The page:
Just as I had to declare an interest in Signe Johansen’s book last month so I have to confess that I’m a bit partial to James Ramsden’s Small Adventures in Cooking. James, like Sig, was one of the students who gravitated my way through my Beyond Baked Beans cooking project and became one of the co-authors of The Ultimate Student Cookbook. And now he too has his first book.
What I’ve always admired about James is that he’s a writer first and a cook second which is not to say that he isn’t a good cook just that he’s a very, very good writer with an enviable lightness of touch and deft turn of phrase that has already established him as one of Britain’s best young food writers. (He’s already written for The Times, Guardian and the FT.) So Small Adventures in Cooking - the title is intended to convey going just slightly off the beaten track - is not just a useful collection of recipes but a companion in bed and a friend in the kitchen.
It only arrived yesterday so I haven’t got round to cooking from it but this is what I plan to make. (All the recipes have Twitter hashtags so you can compare notes with fellow tweeters that have made them.)
Beetroot soup and goats curd p99
It was a bit of a standing joke when we were working on BBB that James would always come up with a beetroot recipe so here you have one. I’ve actually tasted it at his supper club and it’s delicious.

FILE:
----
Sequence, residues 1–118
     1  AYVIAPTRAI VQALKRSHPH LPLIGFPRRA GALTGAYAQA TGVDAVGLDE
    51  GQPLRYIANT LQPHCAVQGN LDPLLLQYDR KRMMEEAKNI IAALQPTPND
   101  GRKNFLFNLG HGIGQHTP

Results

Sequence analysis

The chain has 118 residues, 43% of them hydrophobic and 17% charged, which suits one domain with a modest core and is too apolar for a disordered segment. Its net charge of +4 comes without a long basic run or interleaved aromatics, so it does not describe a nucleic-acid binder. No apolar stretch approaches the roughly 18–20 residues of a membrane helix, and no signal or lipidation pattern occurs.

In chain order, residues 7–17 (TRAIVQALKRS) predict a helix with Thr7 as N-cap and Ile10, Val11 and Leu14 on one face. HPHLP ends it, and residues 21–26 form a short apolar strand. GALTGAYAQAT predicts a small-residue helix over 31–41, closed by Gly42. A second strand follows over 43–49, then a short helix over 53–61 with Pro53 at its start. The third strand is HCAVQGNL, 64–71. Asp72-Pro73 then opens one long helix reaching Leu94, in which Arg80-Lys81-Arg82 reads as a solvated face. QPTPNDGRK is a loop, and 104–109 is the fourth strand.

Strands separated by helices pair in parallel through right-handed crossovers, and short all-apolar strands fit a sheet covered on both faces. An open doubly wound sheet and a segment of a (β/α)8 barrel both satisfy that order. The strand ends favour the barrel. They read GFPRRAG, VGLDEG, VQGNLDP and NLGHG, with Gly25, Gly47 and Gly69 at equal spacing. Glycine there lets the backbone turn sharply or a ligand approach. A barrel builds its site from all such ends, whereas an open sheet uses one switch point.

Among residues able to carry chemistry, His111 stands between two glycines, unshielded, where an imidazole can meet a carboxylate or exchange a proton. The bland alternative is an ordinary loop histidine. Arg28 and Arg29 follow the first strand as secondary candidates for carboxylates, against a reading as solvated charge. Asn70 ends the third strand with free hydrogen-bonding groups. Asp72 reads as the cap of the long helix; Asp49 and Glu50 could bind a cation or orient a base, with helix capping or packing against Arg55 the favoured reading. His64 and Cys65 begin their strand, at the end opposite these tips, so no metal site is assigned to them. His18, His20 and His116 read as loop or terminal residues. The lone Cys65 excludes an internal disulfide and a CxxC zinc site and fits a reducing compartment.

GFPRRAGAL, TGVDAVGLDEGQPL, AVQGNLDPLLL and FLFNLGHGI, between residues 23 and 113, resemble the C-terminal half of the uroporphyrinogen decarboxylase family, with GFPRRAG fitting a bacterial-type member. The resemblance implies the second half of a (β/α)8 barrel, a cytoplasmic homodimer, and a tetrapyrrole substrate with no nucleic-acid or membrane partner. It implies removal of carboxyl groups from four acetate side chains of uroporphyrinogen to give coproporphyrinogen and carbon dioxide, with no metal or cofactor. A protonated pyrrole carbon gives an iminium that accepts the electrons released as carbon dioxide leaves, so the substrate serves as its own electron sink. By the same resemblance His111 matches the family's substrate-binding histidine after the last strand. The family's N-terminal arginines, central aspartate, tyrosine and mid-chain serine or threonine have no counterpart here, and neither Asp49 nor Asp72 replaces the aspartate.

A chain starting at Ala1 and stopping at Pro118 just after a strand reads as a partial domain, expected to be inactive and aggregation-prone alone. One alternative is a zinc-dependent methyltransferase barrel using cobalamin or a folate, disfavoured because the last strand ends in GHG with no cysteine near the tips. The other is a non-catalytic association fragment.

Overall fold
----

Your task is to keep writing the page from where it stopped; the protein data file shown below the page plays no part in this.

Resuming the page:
Lamb neck fillets with harissa and chickpea salad p24
James’s cooking takes full account of the fact that people (especially blokes of his age) don’t want to spend much time in the kitchen and this is one of those bish, bash, bosh recipes that conjures up a deliciously big-flavoured plateful of food in minutes #lambneck
Grilled aubergine with tahini and pomegranate p100
I never think of James as a veggie but, as he argues, starters are a vital course. “Diving into the main sometimes feels just wrong like going into the cinema just as the film starts”. Easy, tasty colourful - what more do you want? #grilledauberginesalad
Rabbit with mustard and cream p110
“When frost kisses the windowpanes and your breath hangs on the air this is the time to stuff yourself to the gullet with robust food” So speaks a lad who was brought up in deepest Yorkshire. A classic French bistro dish made with cider rather than wine. Simon Hopkinsonesque comfort food of a high order #mustardrabbit
Cardamom, rum and banana ice cream topping p36
Anything with cardamom rocks my boat and this sounds a fantastic topping for chocolate ice cream, as James suggests. Definitely trying this one. #icecreamtoppings
And in the same vein, Breakfast Raita p83 - bananas, cardamom, yoghurt, honey and raisins which doesn’t have a hashtag so I’m giving it one #breakfastraita. Love it.
There are also some useful pages with tips on, for instance, prepping, tasting and seasoning and on making mistakes. "Things will go awry" says James, reassuringly. “We all do it. The best thing to do is to laugh and get on with it. Eat some toast. Drink more wine. Ultimately this is just food”
Amen to that. A great first book, perfect for the student generation James was first writing for when they leave uni and start to want to make more impressive and flashy food. And for James, surely a stepping stone to higher things? A household name in 5 years I bet you.
You can also follow James on his blog and even eat his food at his underground supper club The Secret Larder.